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Southern Textiles Ltd. Vs. Income-tax Officer, City Circle I(2), Coimtbatore, and Another. [1971] 82 I. T. R. (Sh. N.) 36. - Court Judgment

LegalCrystal Citation
SubjectDirect Taxation
CourtChennai High Court
Decided On
Case NumberWrit Petition No. 1622 of 1968
Reported in[1972]83ITR790(Mad)
AppellantSouthern Textiles Ltd.
Respondentincome-tax Officer, City Circle I(2), Coimtbatore, and Another. [1971] 82 I. T. R. (Sh. N.) 36.
Excerpt:
- .....of the indian companies act and is having its office at coimbatore. it placed certain orders with messrs. textool company ltd., coimbatore, for the supply of ring frames and machinery according to certain noted specifications. the term agreed upon between the petitioner on the one hand and messrs. textool company ltd. on the other, inter alia, were that sum of rs. 35,000 should be paid as advance and the balance against the arrival of invoices; a stipulated time of delivery was prescribed and that erection should be carried out by messrs. textool company ltd. free of cost. we are not extracting or referring to the other terms of the contract as they are not relevant. it is common ground that messrs. textool company ltd. supplied certain machinery which is characterised by the petitioner.....
Judgment:

The judgment of the court was delivered by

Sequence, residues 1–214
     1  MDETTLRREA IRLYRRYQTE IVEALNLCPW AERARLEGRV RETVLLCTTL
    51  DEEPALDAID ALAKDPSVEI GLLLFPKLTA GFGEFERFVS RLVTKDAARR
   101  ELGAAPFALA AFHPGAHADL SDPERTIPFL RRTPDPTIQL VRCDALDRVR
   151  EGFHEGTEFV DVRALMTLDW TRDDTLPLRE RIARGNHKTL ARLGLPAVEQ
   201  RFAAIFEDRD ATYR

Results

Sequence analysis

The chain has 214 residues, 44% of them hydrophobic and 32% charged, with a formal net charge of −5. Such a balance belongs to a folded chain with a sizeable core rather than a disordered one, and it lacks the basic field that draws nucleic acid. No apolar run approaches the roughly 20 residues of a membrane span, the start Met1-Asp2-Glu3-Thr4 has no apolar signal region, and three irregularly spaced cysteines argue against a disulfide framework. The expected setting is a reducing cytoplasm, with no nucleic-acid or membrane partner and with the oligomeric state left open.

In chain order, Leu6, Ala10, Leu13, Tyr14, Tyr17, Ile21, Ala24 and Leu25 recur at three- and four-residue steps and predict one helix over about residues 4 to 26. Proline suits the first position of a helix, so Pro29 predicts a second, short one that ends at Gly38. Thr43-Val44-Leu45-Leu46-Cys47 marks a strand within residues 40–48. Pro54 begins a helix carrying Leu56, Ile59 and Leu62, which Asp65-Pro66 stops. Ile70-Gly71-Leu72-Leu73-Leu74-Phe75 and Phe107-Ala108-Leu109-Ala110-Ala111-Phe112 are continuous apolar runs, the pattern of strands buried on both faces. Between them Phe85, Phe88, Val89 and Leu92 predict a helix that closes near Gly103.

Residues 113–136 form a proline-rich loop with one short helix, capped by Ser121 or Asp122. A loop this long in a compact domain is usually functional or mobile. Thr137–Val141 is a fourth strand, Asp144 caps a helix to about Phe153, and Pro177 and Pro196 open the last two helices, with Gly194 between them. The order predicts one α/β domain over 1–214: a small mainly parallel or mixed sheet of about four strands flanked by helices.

RAMAPRASADA RAO J. - The petitioner is a limited company incorporated under the provisions of the Indian Companies Act and is having its office at Coimbatore. It placed certain orders with Messrs. Textool company Ltd., Coimbatore, for the supply of ring frames and machinery according to certain noted specifications. The term agreed upon between the petitioner on the one hand and Messrs. Textool Company Ltd. On the other, inter alia, were that sum of Rs. 35,000 should be paid as advance and the balance against the arrival of invoices; a stipulated time of delivery was prescribed and that erection should be carried out by Messrs. Textool Company Ltd. free of cost. We are not extracting or referring to the other terms of the contract as they are not relevant. It is common ground that Messrs. Textool Company Ltd. supplied certain machinery which is characterised by the petitioner as five ring frames. The further case of the petitioner is that, thereafter, Messrs. Textool Company Ltd. did not supply further machinery under the contract nor the spare parts annexed to such a supply and did not erect the frame as contemplated under the contract. It should be remembered that the supply was in August, 1965, for which purpose Messrs. Textool Company raised an invoice against the petitioner in the sum of Rs. 2,90,913.41 under its invoice dated August 31, 1965. In the affidavit there is a categorical statement that the petitioner paid the amount to Messrs. Taxtools as per the invoice. But, it is followed up by the contention that, as the ring frames had been rejected, the petitioner is entitled to the said sum paid from Textool Company Ltd. Whilst this was the position, Messrs. Textools became liable to pay a large sum by way of income-tax. The Income-tax Officer, City Circle I(2), Coimbatore, gave notice to the petitioner under section 226(3) of the Income-tax Act, 1961, stating that Messrs. Textools owed the sum of Rs. 3,45,000 on account of income-tax instalments, advance tax and penalty and called upon the petitioner under the aforesaid statutory provision to pay the said amount forthwith which was held by the petitioner on account of Textools. The reply of the petitioner could enter appreciated by extracting the same :